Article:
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The Junkanoo That Pains
By Barrington H. Brennen, December 18, 2003, 2021

Christmas is the time of year in the Bahamas when most people look forward to a very colorful and rhythmic event: Junkanoo. "It is believed that this festival began during the 16th and 17th centuries. The slaves were given a special holiday at Christmas time, when they could leave the plantations to be with their families and celebrate the holidays with African dance, music and costumes. For many, Christmas celebrations in The Bahamas would not be complete without Junkanoo bands "rushing" in the streets. The Junkanoo preparation season can be very long and stressful, lasting three to six months. The long tedious hours of Junkanoo costume preparation can run late into the nights and early hours of the morning. The costume builders pack the Junkanoo houses to cut and paste delicate paper and fabric on cardboard or other materials. The Junkanoo bands, with their goat skin drums, cow bells, and wind instruments, spend long hours in practicing and perfecting their unique "rushing sounds." Unfortunately, Junkanoo time is not always a happy time in many homes. Why? It is a time when many Junkanoo artists spend unusually long hours outside of the home.

During the Junkanoo season many spouses/romantic partners go into what I call "Junkanoo Hibernation." This is the time when Junkanoo preparation becomes more important than martial relationships. It can last up to six months before the Junkanoo festival.
Many Junkanoo workers ignore their family and marital responsibilities leaving their spouses vulnerable to face the pain of rejection. Too many relationships go sour during the Junkanoo season. Too many spouses, while spending unusually long hours away from home develop adulterous relationships. They are introduced to drugs, alcohol and promiscuous behaviors. While the startling, flamboyant colors of Junkanoo may mesmerize the mind under the street lights of romantic Bay Street, they may often reveal the dark secrets of immoral behavior and marital dissolutions. Many tears are shed during the Junkanoo season.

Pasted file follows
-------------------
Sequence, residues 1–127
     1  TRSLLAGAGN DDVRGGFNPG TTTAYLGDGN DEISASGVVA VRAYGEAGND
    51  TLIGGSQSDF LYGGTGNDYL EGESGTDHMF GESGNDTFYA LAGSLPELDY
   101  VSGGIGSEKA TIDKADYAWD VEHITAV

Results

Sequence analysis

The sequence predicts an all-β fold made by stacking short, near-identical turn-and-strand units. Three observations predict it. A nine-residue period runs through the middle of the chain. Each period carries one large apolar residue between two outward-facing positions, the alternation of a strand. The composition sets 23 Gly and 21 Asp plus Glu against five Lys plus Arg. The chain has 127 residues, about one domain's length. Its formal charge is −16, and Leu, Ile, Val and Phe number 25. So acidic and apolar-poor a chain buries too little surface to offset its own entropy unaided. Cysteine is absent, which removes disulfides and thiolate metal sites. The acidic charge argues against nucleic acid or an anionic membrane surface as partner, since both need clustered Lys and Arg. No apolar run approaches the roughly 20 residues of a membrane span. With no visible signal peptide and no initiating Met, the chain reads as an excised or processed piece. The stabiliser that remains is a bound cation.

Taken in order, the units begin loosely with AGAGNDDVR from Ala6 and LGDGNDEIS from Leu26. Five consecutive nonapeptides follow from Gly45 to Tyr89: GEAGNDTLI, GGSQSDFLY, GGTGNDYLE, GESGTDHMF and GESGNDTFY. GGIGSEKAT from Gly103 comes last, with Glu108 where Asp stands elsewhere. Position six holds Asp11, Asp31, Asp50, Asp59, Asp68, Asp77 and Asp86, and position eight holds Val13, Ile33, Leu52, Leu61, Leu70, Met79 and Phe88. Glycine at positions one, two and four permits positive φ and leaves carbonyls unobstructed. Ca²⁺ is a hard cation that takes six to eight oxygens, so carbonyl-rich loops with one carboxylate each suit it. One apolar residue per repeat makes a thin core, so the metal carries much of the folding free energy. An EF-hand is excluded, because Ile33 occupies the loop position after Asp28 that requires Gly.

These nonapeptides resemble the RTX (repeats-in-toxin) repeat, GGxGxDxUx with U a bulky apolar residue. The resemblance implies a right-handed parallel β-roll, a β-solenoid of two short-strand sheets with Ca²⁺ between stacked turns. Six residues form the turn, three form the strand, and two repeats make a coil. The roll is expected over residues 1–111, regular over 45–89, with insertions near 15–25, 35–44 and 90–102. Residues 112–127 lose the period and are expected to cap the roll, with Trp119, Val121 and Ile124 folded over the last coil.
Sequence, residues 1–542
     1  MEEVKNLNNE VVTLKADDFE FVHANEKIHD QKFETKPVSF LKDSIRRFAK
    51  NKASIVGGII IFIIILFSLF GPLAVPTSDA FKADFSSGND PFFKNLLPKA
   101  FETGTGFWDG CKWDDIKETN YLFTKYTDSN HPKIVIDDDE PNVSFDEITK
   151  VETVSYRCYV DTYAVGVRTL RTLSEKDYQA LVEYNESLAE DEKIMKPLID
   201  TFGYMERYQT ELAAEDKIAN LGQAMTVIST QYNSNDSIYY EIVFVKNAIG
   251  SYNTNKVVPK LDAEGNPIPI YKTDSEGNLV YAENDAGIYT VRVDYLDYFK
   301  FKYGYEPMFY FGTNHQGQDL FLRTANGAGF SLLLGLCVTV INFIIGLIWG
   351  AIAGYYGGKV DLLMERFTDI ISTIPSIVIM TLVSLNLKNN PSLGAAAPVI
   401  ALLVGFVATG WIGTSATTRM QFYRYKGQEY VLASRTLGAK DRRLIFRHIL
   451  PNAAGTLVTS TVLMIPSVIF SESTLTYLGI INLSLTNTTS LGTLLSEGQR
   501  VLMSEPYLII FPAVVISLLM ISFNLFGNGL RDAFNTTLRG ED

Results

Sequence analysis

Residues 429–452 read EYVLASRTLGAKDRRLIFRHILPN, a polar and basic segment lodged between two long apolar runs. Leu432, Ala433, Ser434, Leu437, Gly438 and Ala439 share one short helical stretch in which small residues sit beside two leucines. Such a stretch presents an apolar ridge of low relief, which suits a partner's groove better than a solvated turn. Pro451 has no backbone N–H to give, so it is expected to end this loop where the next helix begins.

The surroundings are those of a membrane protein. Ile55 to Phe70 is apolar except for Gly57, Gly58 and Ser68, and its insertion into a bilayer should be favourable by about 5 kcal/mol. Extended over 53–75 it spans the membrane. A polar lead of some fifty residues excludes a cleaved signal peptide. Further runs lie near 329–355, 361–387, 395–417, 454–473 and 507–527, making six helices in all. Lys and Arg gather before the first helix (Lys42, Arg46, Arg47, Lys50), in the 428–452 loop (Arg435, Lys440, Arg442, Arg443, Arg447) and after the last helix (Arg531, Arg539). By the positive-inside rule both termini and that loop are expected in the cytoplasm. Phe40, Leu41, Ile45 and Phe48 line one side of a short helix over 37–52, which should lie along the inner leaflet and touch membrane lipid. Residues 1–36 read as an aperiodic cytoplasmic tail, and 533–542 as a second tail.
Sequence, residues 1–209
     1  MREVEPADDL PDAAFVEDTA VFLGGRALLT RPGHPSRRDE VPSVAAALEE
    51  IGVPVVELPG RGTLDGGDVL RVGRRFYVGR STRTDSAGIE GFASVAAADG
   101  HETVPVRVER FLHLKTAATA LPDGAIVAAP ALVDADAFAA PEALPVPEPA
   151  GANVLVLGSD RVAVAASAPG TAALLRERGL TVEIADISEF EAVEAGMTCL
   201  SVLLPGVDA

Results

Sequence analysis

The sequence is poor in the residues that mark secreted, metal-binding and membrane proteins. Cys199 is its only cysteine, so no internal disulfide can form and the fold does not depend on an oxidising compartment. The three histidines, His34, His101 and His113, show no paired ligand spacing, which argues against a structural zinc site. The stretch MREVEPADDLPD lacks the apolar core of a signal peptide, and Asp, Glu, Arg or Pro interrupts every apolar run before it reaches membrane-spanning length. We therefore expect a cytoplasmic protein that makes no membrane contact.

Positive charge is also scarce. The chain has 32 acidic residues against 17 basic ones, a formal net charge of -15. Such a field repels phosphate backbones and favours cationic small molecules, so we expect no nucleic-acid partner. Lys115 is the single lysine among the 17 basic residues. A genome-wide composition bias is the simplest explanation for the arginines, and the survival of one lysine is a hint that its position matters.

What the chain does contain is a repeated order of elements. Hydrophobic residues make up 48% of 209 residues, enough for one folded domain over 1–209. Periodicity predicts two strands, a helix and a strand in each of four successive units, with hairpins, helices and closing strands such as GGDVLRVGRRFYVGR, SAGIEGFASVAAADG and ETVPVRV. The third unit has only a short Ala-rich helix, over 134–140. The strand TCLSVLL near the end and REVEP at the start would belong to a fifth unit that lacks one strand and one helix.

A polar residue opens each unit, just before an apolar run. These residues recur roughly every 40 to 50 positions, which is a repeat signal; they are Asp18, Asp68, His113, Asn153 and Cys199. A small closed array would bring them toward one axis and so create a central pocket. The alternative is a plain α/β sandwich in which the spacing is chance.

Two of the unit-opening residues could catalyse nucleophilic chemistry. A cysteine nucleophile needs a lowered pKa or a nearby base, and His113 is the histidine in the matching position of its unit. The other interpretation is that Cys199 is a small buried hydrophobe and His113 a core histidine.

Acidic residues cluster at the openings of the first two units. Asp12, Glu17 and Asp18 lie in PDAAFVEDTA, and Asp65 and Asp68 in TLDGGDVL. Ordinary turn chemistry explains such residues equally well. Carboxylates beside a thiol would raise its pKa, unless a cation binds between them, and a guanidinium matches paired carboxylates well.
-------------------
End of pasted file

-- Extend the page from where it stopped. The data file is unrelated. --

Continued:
The clanging of the cow bells and the beating of goat skin drums may sound a pleasant call to the eager ears of thousands of Junkanoo lovers. To many spouses though, each drum beat pounds deep into the heart the pain of loneliness, rejection and feelings of worthlessness. Why do so many Junkanoo lovers allow their passion to take control of their lives so negatively?

The truth is that not only Junkanoo is to blame for such behavior. The problem of priority setting is a giant issue in many relationships and in all careers. It is even more prevalent among mangers and presidents of large companies, police and military officers, politicians, pastors, and community leaders. Defining what is important to you is crucial in life. More so, it is imperative that each spouse understands what are the needs of his or her spouse and diligently learn how to meet those needs.

We often forget that family relationships are eternal, but careers are only seasonal. When one spouse says "honey could we spend more time together," thatís the ringing of the alarm that can only be shut off by the responding spouse. If the alarm is ignored, the battery power of the marriage will get weaker and weaker. One day the Junkanoo lover or the community leader will come home and meet the house empty without the slightest clue why it is so. Why did the spouse not hear the alarm? Because his ears were only in tune with his passion, Junkanoo, pastoring, protecting the nation, etc.

What is your passion? We all have passions. The passion that has the greatest effect on your life is the one that will control you. I appeal to Junkanoo lovers not to allow the passion of Junkanoo to control you, but to keep focus on what is really important: relationship with people. Junkanoo preparation may last three months, but Junkanoo events are only for a few hours and the costumes are melted away by the heat and sweat of energized dancers. Junkanoo costumes are not made to last a lifetime. Therefore, it is imperative to have the greatest passion for what can last a lifetime: loving relationships. May the cow bells of Junkanoo ring a celebration of warm, loving relationships rather than the distorted sounds of miserable, painful marriages.






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